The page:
The Guardian is featuring a video presenting a discussion of the State Department cable release with two of its editors, a historian, a writer, and the former chief of staff to Tony Blair.
Part 3 of the WikiLeaks dossier is diplomatic traffic as opposed to military traffic. And what it is, is a lot of cables, nearly a quarter a million of them, of diplomats from around the world, reporting back to Washington about their perceptions of the regions, the countries they’re in.
The Guardian, Der Spiegel, Le Monde, El Pais, and the New York Times have formed a partnership to feature selected cables from the quarter million provided by WikiLeaks. To date, the Guardian has featured about one hundred of the US embassy memos.
It’s a bombshell. It’s a historian’s dream. It’s a diplomat’s nightmare, because you see how the State Department works at the middle level.It doesn’t have the most sensitive stuff, but it’s the most extraordinary window into how American diplomacy works.
It is unprecedented for those presenting the historical record for future generations to have such a trove of diplomatic correspondence at their fingertips.
At one level, as a former diplomat and government employee, it’s fascinating to be able to read someone else’s telegrams, to read especially those called NOFORN. NOFORN means no foreign distribution, so no foreigners are supposed to see them. So it’s interesting to see actually what good analysis the American diplomats had, how well informed they were, how well connected they were, and how much they knew about actual physical situations.
The State Department is under the microscope of its allies and adversaries. Likewise the US intelligence apparatus is getting scrutinized as to the quality of the intelligence it is providing to the diplomatic corps.
We’ve seen big information releases like this previously, but what really strikes me about this information is that it is giving an idea of what’s happening all around the world, not just from one country, but this is how the United States government is operating in a number of countries.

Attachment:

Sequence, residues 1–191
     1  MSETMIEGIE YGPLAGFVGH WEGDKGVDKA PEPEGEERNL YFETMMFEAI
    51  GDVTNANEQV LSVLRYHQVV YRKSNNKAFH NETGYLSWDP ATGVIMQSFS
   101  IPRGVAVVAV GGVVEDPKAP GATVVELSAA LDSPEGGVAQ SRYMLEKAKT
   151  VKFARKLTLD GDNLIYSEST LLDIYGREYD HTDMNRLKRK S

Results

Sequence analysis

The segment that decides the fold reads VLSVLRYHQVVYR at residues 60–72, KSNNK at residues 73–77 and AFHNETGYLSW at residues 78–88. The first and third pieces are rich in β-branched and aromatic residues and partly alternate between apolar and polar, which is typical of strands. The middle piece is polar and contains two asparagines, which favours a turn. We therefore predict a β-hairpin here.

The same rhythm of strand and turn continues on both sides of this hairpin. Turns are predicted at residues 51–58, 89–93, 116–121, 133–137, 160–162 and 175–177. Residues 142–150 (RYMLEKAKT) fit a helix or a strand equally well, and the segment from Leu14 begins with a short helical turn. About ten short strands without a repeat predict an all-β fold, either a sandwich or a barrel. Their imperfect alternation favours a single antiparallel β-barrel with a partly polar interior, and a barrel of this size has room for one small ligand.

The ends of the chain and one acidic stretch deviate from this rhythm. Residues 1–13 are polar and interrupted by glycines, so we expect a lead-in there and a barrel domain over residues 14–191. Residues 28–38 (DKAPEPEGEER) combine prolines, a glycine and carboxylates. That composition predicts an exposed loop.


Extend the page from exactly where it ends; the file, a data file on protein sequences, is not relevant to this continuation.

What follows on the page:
The overall diplomatic strategy of the US, or lack thereof, has been laid out for the world to see. Judging from the reaction of the Secretary of State, the unexpected exposure is not giving a very flattering picture.
Some of the most interesting stuff is what the Arab states in the region truly think of Iran, which I think maybe they are reluctant to say publicly.
The prime focus of the embassy cables to date have been those focused on Iran. The intense involvement of the Arab states in opposing Iran was not something well understood in the West. The involvement of those Arab states needs to be kept in mind when members of Congress ramp up the rhetoric for belligerency against Iran. The motives of those Congresspersons must be questioned.
The US has put together a huge electronic archive through something they call the SIPDIS. This is something that they brought in in order to share information among the USG agencies so that the people know what was going on a bit better, especially in the wake of 9/11. And therefore these cables have been designed to be automatically loaded on the the website of other government agencies, such as the US military.
It would be interesting to review the specifications for SIPDIS, to see if any consideration was given to its potential vulnerabilities.
I think anybody who had what they thought of was a private conversation with an American diplomat over the last 5 or 10 years would be astonished to think that that information had been shared with 3 million others so that young corporals in their 20s in Baghdad were able to access this stuff and read it and now as we know, copy it.